Overall, though, most Kentuckians seem fairly pleased with how things went down; we may get record turnout, and long lines were generally avoided even in the big cities.

Who deserves credit?

Governor Andy Beshear deserves much of the credit. He has spearheaded Kentucky’s COVID-19 response, and that effort is fundamental to understanding why the election happened in the way that it did. Secretary of State Michael Adams (a Republican) also deserves some credit, at the very least for not playing an obstructionist role in the shift to no-excuse mail balloting. The state and county public relations teams also deserve enormous credit for extremely aggressive campaigns to inform voters of mail-in and early voting options.

Who deserves discredit?

If you’re not a party to the Booker-McGrath wars, you probably know about the election because of this tweet:

Click through, because this tweet was followed by tweets denouncing Mitch McConnell, denouncing GOP voter suppression, and calling for vastly expanded mail-in voting. Berman’s tweet was so widely shared that it even became the foundation of some stories reporting on the election. It was retweeted by such luminaries as Ava Duvernay, Lebron James, Jennifer Lawrence, Ron Perlman, Hillary Clinton, Kamala Harris, Stacey Abrams, Pete Buttigieg, and Robert Reich.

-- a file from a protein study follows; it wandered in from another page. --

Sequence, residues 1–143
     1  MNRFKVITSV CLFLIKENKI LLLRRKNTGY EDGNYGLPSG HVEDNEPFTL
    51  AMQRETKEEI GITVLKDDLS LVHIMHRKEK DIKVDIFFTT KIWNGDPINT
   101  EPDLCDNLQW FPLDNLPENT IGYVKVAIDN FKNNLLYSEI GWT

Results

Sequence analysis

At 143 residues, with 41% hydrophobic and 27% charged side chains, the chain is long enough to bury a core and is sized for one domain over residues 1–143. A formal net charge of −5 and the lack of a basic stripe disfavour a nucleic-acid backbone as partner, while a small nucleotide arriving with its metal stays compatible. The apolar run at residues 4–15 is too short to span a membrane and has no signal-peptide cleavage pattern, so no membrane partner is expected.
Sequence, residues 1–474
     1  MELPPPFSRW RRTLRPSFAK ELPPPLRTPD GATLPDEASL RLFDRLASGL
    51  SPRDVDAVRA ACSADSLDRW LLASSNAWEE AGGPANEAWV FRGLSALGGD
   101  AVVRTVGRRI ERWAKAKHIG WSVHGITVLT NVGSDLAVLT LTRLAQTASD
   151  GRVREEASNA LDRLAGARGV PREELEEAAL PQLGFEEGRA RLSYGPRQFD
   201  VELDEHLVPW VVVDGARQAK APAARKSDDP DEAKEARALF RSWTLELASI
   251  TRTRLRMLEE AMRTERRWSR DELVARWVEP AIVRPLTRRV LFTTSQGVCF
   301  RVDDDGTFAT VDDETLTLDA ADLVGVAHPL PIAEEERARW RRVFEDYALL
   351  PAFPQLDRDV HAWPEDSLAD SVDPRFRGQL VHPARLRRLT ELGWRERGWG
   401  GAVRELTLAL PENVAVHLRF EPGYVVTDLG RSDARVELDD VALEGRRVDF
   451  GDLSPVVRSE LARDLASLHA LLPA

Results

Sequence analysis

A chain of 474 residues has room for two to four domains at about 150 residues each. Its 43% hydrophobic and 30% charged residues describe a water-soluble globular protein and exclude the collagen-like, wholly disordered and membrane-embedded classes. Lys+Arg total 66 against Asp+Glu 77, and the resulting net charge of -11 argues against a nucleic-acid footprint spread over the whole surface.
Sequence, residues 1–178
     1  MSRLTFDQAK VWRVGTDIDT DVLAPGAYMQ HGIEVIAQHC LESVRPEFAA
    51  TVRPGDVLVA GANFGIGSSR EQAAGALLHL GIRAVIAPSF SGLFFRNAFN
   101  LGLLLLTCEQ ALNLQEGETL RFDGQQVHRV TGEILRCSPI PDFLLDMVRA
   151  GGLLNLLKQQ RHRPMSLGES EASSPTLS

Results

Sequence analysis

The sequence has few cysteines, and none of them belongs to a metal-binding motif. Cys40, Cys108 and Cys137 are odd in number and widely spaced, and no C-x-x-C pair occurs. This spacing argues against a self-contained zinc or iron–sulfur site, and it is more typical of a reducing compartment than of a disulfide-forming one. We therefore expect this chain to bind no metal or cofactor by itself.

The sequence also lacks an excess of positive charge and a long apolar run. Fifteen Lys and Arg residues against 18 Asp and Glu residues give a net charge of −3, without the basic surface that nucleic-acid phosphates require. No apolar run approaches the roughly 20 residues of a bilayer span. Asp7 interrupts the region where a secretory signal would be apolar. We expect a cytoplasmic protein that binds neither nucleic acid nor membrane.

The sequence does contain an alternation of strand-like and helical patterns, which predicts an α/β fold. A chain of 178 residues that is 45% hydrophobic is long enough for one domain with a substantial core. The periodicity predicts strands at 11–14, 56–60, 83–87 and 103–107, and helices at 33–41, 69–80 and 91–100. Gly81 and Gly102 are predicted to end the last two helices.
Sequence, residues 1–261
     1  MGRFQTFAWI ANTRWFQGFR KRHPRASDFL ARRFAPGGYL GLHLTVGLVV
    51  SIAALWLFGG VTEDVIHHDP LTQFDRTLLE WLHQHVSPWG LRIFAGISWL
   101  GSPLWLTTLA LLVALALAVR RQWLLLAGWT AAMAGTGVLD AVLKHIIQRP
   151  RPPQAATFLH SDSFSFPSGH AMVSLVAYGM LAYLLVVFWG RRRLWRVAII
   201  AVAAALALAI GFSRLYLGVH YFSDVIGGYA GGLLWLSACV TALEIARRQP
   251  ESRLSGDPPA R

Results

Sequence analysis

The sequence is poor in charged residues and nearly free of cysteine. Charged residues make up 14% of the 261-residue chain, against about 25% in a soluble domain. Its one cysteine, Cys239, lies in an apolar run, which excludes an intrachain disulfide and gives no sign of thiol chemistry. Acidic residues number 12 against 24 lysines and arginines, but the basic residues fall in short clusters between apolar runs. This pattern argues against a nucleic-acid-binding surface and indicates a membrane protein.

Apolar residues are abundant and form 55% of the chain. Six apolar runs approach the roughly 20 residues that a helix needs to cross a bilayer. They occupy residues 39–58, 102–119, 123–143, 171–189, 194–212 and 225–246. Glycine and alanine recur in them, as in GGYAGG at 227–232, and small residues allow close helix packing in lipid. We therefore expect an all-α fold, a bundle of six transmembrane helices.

The tweet thread is misleading to the point of irresponsibility. Almost everything about the claim was wrong. Mitch McConnell has no direct and very little indirect effect on how the Kentucky state government and the Jefferson County government decided to handle the election. The election structure was developed in a bipartisan manner, with a Democratic governor taking the lead. Vastly expanded mail-in voting was at the absolute core of the effort.

And so developed the unusual theory that a Democratic governor had conspired with a Democratic county government to suppress the votes of Democrats in a Democratic primary election. The attention that the election received outside Kentucky immediately stood at odds with the lived experience of folks in Kentucky, who had been subjected to a barrage of media about early voting and mail-in ballots. But plenty of outsiders were ready to conclude that Mitch McConnell was stealing an election from somebody for some reason, and no one was going to tell them any different.

It’s obviously good that so many folks are interested in supporting voting activism, and that they’re sensitive to efforts to suppress the vote. But the success of activism depends, at least to some extent, on the ability to distinguish between voter suppression and the exact opposite of voter suppression. What Kentucky did was the latter; an effort to maximize turnout while minimizing spread.

Of course, most of the people who tweeted about it didn’t get that far. They didn’t know that the governor of Kentucky was a Democrat, hadn’t followed the (very open and transparent) process in which the decisions on how to hold the election were made, and in many cases weren’t even aware that the election was a primary. At one point I found myself arguing with a gentleman from New Zealand about whether Louisville was the capital of Kentucky.